Why the Better Voting Nevada Initiative is Bad News

Bob Zeidman

In November, Nevadans will vote on the badly misnamed Better Voting Nevada Initiative. Disguised as a “fairer” method of voting, if this initiative passes there will be two major effects, both of which have very bad consequences.

First, you’ll be giving up your First Amendment right to assemble. Second, if you’re concerned about voter verification, voter fraud, voter disenfranchisement, ballot tampering, ballot harvesting, voting machine hacking or just plain vote-counting mistakes, you will have driven those issues through the roof.

If you think the 2020 presidential election was contentious, well you ain’t seen nothin’ yet!

I’m going to cover the issues in a three-part series, the first on open primaries and the second on ranked-choice voting, and then a summary of the two very bad consequences of this initiative. This is the first part, on open primaries.

Voting Away Your First Amendment Rights

This bill enables “open primaries” where all voters get to vote in any party’s nomination process.

The First Amendment allows people to assemble in groups of their own choosing. If you choose to be a member of the Democratic Party, you have the right to meet and, among other things, choose your own political candidates for various government offices. The same goes for Republicans. And Green Party members. And Libertarian Party members. And even for members of the Party for Socialism and Liberation, the Peace and Freedom Party and every other political party.

If you vote for this bill, you’re voting to give up that right.

This bill allows all people to enter primary elections for any party. For example, Republicans can enter the Democratic Party primaries and vice versa.

What’s even more troubling, Republicans can call themselves Democrats in that primary election, and vice versa, because Section 17.1.b states, “A person may become a candidate at the primary election for partisan office regardless of the person’s affiliation with a political party, or lack thereof.”

Section 17.6 states, “A candidate for partisan office may state a political party that he or she prefers. A candidate’s preference does not imply that the candidate is nominated or endorsed by the party, or that the party approves of or associates with that candidate.”

In other words, this bill defines a new identity, “political identity,” that allows a person to temporarily identify as a member of any political party. And the voters must not question that identity. In fact, the voters won’t even know if the previous year, or previous month, that politician identified as a member of some other party.

Now some people might argue that California has open primaries since 2010 and it works well for them.

Sure, it works well for a state that was run almost entirely by one party before open primaries, and which has completely cemented the one-party rule in such a way that it would take a rare upheaval to elect a Republican or member of some other party to any significant office. There hasn’t been a single Republican governor, state executive officer holder, or U.S. Senator since 2010. Also, 31 of 40 state senators and 60 of 80 state assembly members are Democrats.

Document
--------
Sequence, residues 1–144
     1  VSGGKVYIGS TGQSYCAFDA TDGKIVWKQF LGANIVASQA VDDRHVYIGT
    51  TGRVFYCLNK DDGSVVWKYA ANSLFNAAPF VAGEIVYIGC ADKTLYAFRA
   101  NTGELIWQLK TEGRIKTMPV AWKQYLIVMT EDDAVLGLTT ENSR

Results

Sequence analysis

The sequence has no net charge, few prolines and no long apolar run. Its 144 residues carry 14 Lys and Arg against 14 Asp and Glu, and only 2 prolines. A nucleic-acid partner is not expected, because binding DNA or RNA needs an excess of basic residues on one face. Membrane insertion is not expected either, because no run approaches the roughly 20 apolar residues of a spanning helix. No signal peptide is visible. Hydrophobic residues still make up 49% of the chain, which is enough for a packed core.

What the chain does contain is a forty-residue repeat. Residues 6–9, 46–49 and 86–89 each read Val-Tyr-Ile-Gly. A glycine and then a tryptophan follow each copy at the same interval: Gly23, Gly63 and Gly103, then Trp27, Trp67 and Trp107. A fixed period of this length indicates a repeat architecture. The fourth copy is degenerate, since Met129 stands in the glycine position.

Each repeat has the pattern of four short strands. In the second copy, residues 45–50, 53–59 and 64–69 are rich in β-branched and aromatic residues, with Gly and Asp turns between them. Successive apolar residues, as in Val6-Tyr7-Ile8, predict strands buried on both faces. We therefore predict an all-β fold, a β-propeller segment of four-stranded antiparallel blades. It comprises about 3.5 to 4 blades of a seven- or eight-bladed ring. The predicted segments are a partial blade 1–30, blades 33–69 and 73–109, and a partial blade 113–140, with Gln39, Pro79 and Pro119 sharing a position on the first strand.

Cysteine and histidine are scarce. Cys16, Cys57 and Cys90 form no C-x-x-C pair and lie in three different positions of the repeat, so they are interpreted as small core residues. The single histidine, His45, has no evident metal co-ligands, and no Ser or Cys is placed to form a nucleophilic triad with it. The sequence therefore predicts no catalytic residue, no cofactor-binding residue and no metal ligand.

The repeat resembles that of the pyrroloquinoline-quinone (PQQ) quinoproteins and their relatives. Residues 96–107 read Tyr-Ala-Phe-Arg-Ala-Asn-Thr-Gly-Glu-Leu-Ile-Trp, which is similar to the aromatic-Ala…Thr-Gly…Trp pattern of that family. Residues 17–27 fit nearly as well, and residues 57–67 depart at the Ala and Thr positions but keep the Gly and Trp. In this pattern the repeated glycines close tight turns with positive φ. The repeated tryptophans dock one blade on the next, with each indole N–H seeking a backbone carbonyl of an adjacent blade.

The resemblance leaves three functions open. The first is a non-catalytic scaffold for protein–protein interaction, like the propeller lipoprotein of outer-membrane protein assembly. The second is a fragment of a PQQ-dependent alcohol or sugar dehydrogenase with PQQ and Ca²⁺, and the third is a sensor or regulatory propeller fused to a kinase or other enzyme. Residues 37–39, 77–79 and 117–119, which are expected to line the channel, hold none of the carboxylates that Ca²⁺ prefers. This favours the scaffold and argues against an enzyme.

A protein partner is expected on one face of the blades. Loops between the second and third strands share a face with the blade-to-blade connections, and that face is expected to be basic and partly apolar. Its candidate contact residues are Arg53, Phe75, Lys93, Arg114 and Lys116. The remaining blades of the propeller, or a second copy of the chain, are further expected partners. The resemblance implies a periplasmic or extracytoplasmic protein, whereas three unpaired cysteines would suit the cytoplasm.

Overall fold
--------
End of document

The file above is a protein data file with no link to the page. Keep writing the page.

Nevada needs to be open to all political opinions, and the voters need to decide with a full slate of ideologically diverse candidates.

Nevadans don’t want to be like California. We want and deserve truly free and fair elections, not ones that conform to some activist’s vision of fair. To preserve our rights, you must vote no on the misnamed Better Voting Nevada Initiative in November.

Bob Zeidman is the creator of the field of software forensics and the founder of several successful high-tech Silicon Valley firms, including Zeidman Consulting and Software Analysis and Forensic Engineering. He is an inventor, with 25 patents, and an expert witness, having consulted on over 250 IP lawsuits. His latest venture is Good Beat Poker, a new way to play and watch poker online. He is the author of textbooks on engineering and intellectual property as well as screenplays and novels. His latest novel is the political satire Animal Lab, a modern sequel to George Orwell’s classic Animal Farm.

Bob Zeidman

Bob Zeidman

Policy Fellow

Bob Zeidman is an inventor, author, entrepreneur, philanthropist, and high-stakes poker player. He created the field of software forensics and founded Software Analysis and Forensic Engineering Corporation to develop and sell software forensics tools. He is the founder of Zeidman Consulting, an engineering consulting company that has worked on over 250 major litigations involving billions of dollars of disputed intellectual property. His cases have included ConnectU v. Facebook, on which the Oscar-winning movie The Social Network is based, and Oracle v. Google that went up to the U.S. Supreme Court. He is the inventor of the famous Silicon Valley Napkin on display at the Computer History Museum. He is also a high-stakes poker player, and his latest tech venture is Good Beat Poker, a new way to play and watch poker online.

Bob writes about politics, society, and business for national magazines. His latest book is Election Hacks, about the true story of how he challenged his own beliefs about voting machine hacking in the 2020 presidential election and made international news and possibly $5 million.